I got the new Zevon CD and was pleased to see that it was #1 at Amazon and comfortably in the Top 20 overall. I wasn’t surprised, though, to see that he died soon after its release. Charles Shultz died when the last Peanuts appeared, and he didn’t even have the sense of graveyard irony that Zevon had.
The reviews are right: The Wind isn’t Zevon’s best work, and it might not be such a remarkable CD if not for the circumstances. But the two are inseparable. Only one or two of the songs would appear on a best-of list (I’m a fan of My Dirty Life and Times), but it’s still an extraordinary, life-affirming piece of work.
But instead of picking through this CD, I’ll honor the guy with a look at my favorite Zevon songs:
- Lawyers, Guns and Money: Probably his best tale of misdeeds and consequences.
- Play It All Night Long: A gloomy yet vivid portrait of rural life that includes the classic line Sweet Home Alabama / Play that dead band’s song. Also one of the better-recorded songs, with an odd meter and instrumentation that freed him from the occasionally bland arrangements of his SoCal cronies.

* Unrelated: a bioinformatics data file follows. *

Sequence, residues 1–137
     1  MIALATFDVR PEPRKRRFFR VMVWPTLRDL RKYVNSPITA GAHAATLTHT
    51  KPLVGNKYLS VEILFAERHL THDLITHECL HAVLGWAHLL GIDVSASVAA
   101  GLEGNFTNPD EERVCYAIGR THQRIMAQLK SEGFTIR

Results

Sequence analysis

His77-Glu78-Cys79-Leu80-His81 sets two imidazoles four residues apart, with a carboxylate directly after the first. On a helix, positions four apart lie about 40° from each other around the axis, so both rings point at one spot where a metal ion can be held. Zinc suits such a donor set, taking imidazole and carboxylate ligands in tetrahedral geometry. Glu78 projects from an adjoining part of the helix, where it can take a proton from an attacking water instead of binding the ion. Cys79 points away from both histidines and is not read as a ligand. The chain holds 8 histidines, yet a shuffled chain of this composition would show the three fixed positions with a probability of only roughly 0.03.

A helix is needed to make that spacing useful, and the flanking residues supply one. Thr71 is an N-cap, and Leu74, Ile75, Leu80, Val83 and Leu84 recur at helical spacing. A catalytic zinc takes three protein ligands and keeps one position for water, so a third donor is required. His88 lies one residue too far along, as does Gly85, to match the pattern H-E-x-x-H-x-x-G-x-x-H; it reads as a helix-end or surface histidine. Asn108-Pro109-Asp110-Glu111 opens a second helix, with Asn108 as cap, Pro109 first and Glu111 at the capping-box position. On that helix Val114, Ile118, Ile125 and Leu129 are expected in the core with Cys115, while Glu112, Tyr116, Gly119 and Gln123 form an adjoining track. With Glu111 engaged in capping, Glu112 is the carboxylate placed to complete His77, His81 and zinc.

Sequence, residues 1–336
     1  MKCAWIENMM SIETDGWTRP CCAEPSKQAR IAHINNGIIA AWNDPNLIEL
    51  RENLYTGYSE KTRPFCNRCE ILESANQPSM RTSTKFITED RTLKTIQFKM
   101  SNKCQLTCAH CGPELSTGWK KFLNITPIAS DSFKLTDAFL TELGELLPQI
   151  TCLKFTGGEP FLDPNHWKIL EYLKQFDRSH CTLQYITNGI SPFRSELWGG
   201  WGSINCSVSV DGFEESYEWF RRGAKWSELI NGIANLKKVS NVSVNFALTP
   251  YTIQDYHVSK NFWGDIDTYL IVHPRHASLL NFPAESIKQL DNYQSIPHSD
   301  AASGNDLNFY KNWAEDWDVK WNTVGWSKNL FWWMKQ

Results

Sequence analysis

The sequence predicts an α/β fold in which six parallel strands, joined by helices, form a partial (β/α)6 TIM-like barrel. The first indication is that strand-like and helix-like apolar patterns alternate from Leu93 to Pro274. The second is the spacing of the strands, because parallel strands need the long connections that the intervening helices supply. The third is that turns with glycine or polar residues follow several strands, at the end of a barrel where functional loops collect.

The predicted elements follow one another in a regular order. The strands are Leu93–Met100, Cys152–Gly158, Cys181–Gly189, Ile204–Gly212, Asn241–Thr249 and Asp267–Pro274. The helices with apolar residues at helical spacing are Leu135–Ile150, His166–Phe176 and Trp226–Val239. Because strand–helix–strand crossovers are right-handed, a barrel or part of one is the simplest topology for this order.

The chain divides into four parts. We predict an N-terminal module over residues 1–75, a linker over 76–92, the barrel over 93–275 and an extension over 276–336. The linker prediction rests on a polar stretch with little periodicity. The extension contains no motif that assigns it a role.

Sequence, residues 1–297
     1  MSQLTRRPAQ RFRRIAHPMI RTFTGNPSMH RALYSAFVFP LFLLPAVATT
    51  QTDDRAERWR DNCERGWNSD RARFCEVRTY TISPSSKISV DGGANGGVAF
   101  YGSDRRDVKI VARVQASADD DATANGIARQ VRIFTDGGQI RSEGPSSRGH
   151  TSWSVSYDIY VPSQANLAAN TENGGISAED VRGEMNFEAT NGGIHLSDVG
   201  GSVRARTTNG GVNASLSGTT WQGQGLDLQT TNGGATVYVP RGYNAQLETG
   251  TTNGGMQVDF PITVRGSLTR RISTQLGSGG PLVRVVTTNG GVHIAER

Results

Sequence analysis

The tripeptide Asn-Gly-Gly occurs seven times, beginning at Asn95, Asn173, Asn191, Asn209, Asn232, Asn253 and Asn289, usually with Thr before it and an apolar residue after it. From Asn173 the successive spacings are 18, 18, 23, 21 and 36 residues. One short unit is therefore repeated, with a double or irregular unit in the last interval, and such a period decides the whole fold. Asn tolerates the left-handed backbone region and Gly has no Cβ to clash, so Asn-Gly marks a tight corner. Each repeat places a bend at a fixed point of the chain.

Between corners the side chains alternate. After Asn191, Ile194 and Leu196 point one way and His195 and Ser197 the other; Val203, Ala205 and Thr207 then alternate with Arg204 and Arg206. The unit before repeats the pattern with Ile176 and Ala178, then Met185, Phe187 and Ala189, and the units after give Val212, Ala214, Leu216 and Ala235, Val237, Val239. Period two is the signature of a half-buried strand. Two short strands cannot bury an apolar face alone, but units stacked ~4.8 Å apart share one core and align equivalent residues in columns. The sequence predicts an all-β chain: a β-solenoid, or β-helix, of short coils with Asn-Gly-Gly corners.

- Reconsider Me: His ballads were sometimes a bit too country for me, but this one is brilliant. The lyrics are straightforward without being too cliched, and the melody is gorgeous.
- Detox Mansion: Like many of the songs on Sentimental Hygiene (1987, senior year of high school), this was recorded with R.E.M.’s Peter Buck, Mike Mills and Bill Berry, who were more energetic than some of his other collaborators. The gleeful romp through rehab is, like many of his best songs, a classic case of turning tragedy into comedy.
- Hit Somebody (The Hockey Song): A lot of reviewers panned his penultimate album My Ride’s Here. From what I’ve heard, I disagree. MacGillicuddy’s Reeks is an amusing song mixing an Irish lilt with Yuppie romance. Then there’s this song, co-written with sports columnist Mitch Albom and featuring a background yell from David Letterman, that pays tribute to a reluctant hockey goon from rural Canada.